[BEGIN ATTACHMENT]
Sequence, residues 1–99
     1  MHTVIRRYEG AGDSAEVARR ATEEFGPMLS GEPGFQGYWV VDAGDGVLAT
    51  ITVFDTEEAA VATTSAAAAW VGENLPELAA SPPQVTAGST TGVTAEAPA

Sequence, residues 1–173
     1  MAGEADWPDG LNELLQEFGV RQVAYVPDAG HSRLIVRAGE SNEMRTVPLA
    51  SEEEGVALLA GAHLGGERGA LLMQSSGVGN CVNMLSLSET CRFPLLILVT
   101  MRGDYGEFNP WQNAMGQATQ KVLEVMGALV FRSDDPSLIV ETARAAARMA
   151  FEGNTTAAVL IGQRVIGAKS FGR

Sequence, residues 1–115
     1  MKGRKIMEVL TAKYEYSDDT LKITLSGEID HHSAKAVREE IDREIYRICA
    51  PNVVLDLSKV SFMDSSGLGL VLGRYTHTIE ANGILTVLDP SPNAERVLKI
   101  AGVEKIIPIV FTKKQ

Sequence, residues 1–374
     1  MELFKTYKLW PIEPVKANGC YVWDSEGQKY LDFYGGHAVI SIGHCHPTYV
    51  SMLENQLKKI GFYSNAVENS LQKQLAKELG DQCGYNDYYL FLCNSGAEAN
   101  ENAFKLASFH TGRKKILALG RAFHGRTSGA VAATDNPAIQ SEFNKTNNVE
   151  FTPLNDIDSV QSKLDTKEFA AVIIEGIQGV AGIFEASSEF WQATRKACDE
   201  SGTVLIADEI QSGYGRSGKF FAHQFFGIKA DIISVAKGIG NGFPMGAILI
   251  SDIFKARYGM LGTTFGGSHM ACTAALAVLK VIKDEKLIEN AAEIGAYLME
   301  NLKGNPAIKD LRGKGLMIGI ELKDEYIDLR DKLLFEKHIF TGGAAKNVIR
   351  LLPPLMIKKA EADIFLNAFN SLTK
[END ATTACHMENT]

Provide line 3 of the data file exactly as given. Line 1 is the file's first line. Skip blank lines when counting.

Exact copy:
    51  ITVFDTEEAA VATTSAAAAW VGENLPELAA SPPQVTAGST TGVTAEAPA